IWADON: Hiroyuki Iwatsuki Tribute Album now available for free

After several months and a ton of plays, GM4A is proud to present the highly anticipated release of IWADON: Hiroyuki Iwatsuki Tribute via Bandcamp. Every note of this amazing compilation is available completely free, and in a variety of different formats for the audiophiles out there. This not only includes the 35 tracks included over at the official album site, but also several BRAND NEW songs exclusively for the album release by musicians such as Stephen Malcolm-Howell, Nate Trier, ilp0, and one of my personal favorite artists Temp Sound Solutions. So if you think you have heard it all, you are sorely mistaken.


IWADON: Hiroyuki Iwatsuki Tribute Album

Interviews • Music Artists • Retro Gods • SNES

GameSetWatch Interviews Classic Composer Hiroyuki Iwatsuki


GSW has an interesting interview with classic and current composer Hiroyuki Iwatsuki, who worked on games for The NES, the SNES, and more recently XBOX 360. The interview disucsses some of the difficulties composers had on the older hardware, and compares and contrasts it to today’s modern games. An excerpt:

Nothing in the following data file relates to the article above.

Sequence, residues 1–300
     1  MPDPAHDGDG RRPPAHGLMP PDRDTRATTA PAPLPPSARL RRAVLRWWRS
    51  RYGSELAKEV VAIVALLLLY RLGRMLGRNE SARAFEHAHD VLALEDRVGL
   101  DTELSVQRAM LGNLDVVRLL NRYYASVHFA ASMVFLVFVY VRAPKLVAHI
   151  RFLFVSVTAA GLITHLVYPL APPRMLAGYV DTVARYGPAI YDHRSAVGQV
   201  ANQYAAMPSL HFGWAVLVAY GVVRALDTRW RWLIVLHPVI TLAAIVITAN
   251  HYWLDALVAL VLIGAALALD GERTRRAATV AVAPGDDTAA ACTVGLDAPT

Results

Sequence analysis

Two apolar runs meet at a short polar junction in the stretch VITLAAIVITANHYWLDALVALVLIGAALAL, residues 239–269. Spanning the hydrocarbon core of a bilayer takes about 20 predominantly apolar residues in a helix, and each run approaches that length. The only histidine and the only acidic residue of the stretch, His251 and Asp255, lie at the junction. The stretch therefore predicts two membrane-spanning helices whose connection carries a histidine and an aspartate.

GSW: What are some of the important differences between composing for the XBox 360 compared with your work on the 16-bit Super Nintendo?

Iwatsuki: The biggest difference between the Super Famicom and the Xbox 360 is the difference in memory. You could almost fit the contents of a Super Famicom cart within the memory space allotted to the music of a single Xbox 360 game. For Omega Five it adds up to a few megabytes because of the high quality of the recorded sounds. The Xbox 360 uses 48 kHz sound output, so naturally we were using those specifications. In retro mode, we consciously lowered the sound source to between 12 and 16 kHz, then rendered these files at 48 kHz to give it an antique quality. Even the retro tracks are large files, which is the sort of thing you could not get away with on the Super Famicom. Back then we were forced to be inventive and make sacrifices on sound quality so that the hardware could handle it.

Read it.